Friday, July 20, 2012

Skip the Commercials? Who’s Footing the Bill?

As networks are trying to fit more commercials into their airtimes, it appears that some satellite broadcasters are coming up with new ways for viewers to skip them altogether. A new feature called AutoHop, included in Dish digital recorders, allows viewers to skip commercials on recorded shows from the big four broadcast networks – ABC, NBC, CBS, and FOX. This innovation turns the screen dark when the commercials arrive, and returns to the show a few seconds later.

As a result, several broadcasting networks have planned to take Dish network to court, saying that the ad-skipping feature violates copyright laws and threatens the financial system of the television industry. Companies could decide to stop airing their commercials on networks, because they’re afraid that viewers will just skip their ads using AutoHop. Since commercial broadcasters make their revenue by airing television advertisements, networks stand to lose substantial profits without companies to fund their shows.

Original television began with commercial sponsorship and later transformed to paid commercial time. In fact, the earliest soap operas, as name suggests, started out by having laundry detergent companies act as sponsors and producers of the shows, which were designed to reach daytime viewers and the homemaker target market. Now that technology is making it easier for viewers to skip ads, how much can networks rely on advertising as a source of income in the future? Networks already incorporate spin-off games and toys, product placements and Internet advertising as sources of income.

TV commercials won’t disappear anytime soon, but AutoHop is a clear example of the industry’s changes and challenges. Even I don’t love seeing lots of commercials or hearing blatant plugs for soft drinks and Ford F-150’s. But the truth is that someone has to pay for our entertainment. In the end, that’s you and me. How we’ll pay for it is the unanswered question. 

Tuesday, July 3, 2012

Failing to Re-brand an American Brand

JCPenny’s new “everyday low pricing” policy, similar to Walmart’s, has gotten off to a terrible start. The new marketing campaign, that ditches the hundreds of sales offered throughout the year and instead goes with what is touted as a simpler approach, offering low predictable pricing, has produced a significant drop in sales - nearly $170 million - in the first half of 2012.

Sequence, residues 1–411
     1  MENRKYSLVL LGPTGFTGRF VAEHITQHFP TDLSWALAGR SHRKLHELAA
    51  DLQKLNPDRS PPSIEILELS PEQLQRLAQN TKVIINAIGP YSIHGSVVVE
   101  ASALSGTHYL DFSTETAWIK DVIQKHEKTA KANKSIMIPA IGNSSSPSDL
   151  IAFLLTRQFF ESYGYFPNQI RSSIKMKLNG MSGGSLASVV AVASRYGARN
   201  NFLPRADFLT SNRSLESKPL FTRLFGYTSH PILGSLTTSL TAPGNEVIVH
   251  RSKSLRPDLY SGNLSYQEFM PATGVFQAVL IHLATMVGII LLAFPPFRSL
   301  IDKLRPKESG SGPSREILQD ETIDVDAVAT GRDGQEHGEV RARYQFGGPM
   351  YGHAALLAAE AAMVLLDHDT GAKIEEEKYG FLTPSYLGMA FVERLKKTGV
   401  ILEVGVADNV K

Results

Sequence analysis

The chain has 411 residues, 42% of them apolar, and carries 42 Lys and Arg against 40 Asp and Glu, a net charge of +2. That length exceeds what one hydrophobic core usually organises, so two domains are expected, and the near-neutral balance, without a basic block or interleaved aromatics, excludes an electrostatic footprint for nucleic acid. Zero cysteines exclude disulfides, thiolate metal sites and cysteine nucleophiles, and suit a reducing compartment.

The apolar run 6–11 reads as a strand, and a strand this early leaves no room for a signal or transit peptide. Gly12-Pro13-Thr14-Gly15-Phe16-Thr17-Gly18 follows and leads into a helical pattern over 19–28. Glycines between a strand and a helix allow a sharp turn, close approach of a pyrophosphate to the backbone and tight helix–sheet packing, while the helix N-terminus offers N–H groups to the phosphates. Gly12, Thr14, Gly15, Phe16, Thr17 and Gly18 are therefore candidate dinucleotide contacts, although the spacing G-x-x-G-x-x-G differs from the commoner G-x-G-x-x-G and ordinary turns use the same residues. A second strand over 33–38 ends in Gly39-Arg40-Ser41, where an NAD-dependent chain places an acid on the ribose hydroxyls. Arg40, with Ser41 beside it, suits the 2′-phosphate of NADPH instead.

It's clear that JCPenny has been recently trying to revamp its marketing strategy. In addition to the sudden exit of its president Michael Francis in only eight months, the company changed its brand logo for the second time in two years to remind the consumers of its American values. What they now call "JCP" also partnered with Ellen Degeneres to make her the spokesperson of the company and has planned to build brand partnerships with Nanette Lepore and Martha Stewart Living. And all this happened in the last six months. Maybe the moniker "Penny's" came off too low end for management, but it sure does bring to mind something instead of the "could be anything to anybody" name of JCP.  

Originally, this campaign made JCP look like a serious competitor in the department store market. Unfortunately, as big sales to lure consumers have disappeared , the campaign has actually driven away many of its bargain-driven consumers. To make matters worse, the growth revenues of JCP's competing apparel retailers, such as Kohl's and Macy's, have increased because of this new marketing policy. It even appears that JCP's everyday low prices ended up being higher than its rivals' heavily discounted prices.

JCP has hinted that it will tweak its no-sale policy by offering some specials. Their strategic blunders have led to many corporations re-examining the values of their audiences before implementing sudden marketing strategies. Looking at the current economic environment, companies must determine the consumer base that will be most effected from such dramatic changes in marketing campaigns. Plus, this failure is a shining - more aptly described as tarnished - example of how critical clarity in marketing communications has become. I wonder if they would have seen better results if JCP had kicked off the concept with a "what's this all about" campaign. While it still may have been too tricky to "get" in a 1-second consumer-reaction window, step-by-step simple-to-understand is what's needed to compete in this arena. However, even that may not have been enough to save this giant. Only time will tell - but it's running out fast.

Company Overview: JCPenney or JCP is a publicly-traded company with more than 11,000 department stores across the U.S. and Puerto Rico; most are located in shopping malls. Providing middle-of-the-road merchandise, JCPenney has been a popular destination for finding affordable items without the top brand names attached, developing many of their own brands.